Now that Hurricane Dorian has passed, many people will look back on what can be done differently in the future to prepare for storms. Dorian delivered a glancing blow to North Carolina, and many people benefited from the hard-won lessons learned in recent years from Hurricanes Matthew and Florence.
At NC Health News, we tracked how Dorian was affecting the state throughout the day that the storm was passing through with this story that featured running updates: Keep up with how Hurricane Dorian is affecting health in NC
The post included links to state websites and resources, information on how to access mental health, shelter and even pet shelter services, as well as information about protecting wells, how to access telehealth services and what to do in case of a tornado or flash flood and more.
We also visited a shelter being established by the state to house people with medical needs who may have needed to evacuate their homes. This story, People with special medical needs fleeing Hurricane Dorian might end up at a Clayton church, documented how the state learned lessons from last year’s Hurricane Florence that influenced how and where these medical shelters were established.
State and local officials learned other lessons, too, from recent hurricanes, including the best ways to prepare older people to weather the storm: Matthew & Florence taught NC lessons: Storms like Dorian threaten old people
These lessons are vital: after Florence, fully two-thirds of the 39 people who died in the wake of that storm were over the age of 65.
Readers may remember we did a story on the health center on Ocracoke earlier this summer. In doing that story, we met many people there. So, when news reports broke about flooding on the island, we called our contacts on the island and asked how we could help.
This story, Hurricane Dorian’s foray up NC’s Outer Banks leaves many stranded, floods islands was the result, jointly published between NC Health News and the Ocracoke Observer. Ocracoke Observer co-publisher Peter Vankevich even gave us login credentials so that we could post the story to their site, as they were without power and internet.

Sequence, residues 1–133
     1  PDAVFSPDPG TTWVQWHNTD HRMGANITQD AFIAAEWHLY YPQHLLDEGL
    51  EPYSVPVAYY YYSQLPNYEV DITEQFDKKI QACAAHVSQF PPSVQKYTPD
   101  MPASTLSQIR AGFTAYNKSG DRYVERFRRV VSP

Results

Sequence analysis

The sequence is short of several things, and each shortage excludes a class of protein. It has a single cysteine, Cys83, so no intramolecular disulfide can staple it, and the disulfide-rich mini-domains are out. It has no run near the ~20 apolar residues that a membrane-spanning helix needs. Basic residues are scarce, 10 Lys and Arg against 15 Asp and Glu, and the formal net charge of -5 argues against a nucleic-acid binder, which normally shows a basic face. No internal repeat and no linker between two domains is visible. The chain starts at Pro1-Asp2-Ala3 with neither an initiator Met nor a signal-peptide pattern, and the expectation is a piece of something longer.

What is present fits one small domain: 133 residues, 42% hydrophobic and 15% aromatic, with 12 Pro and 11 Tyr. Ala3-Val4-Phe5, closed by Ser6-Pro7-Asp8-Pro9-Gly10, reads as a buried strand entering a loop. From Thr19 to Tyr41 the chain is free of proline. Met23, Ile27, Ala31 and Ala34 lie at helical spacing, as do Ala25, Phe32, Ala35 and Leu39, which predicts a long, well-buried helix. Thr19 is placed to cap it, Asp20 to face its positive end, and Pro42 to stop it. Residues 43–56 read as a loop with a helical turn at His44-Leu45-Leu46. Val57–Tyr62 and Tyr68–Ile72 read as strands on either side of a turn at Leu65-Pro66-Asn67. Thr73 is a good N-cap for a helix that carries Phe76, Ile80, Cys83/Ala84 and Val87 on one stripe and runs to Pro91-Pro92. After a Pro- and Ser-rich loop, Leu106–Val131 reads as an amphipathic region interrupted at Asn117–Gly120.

Brunswick County farmer Jody Clemmons has had two crops ruined in the past three growing seasons and spoke to our reporter Greg Barnes on the toll repeated disasters were taking on his finances and spirit.
Then came Dorian.
Clemmons prepared as best he could. After the storm passed, we called Clemmons to see how he fared.
Repeated hurricanes have been challenging for many people in southeastern North Carolina. Greg Barnes interviewed several women in Robeson County who were waiting for relief from losses during 2016’s Hurricane Matthew when Hurricane Florence struck.
According to the head of the Robeson County Disaster Recovery Coalition, the coalition has assisted about 11,000 people since Hurricane Florence, some of whom are still waiting to get back into their homes after Matthew.
A study being led by researchers at East Carolina University and UNC-Pembroke is tracking 261 hurricane victims in four counties — Robeson, Scotland, Columbus and Bladen — to gauge their emotional, physical and mental health months after Hurricane Florence.
Study leaders said the results will be used to try to understand the causes of hurricane victims losing the ability to function normally long after the storm has passed and to develop interventions to keep that from happening after the next storm hits. They plan to present their findings in hard-hit communities in the hopes that the information will help those residents and bring in more resources.
According to data from the study, 73 percent of participants reported mold damage, 46 percent were out of work for two or more weeks, 67 percent developed a new or worsened mental health condition, and 22 percent developed a health condition caused by exposure to mold or contamination. A quarter of children in the survey recorded a new or worsening mental health condition.
We updated this story from last year with resources on how to find free and reduced-cost telehealth services in the wake of Dorian.
And from our colleagues at Coastal Review Online comes this cautionary tale of how floodwaters can contain some nasty stuff.
It’s a lesson NC Health News editor Rose Hoban learned in the wake of Hurricane Florence last year, when she needed to get a tetanus shot after getting cut while cleaning up after local flooding on her property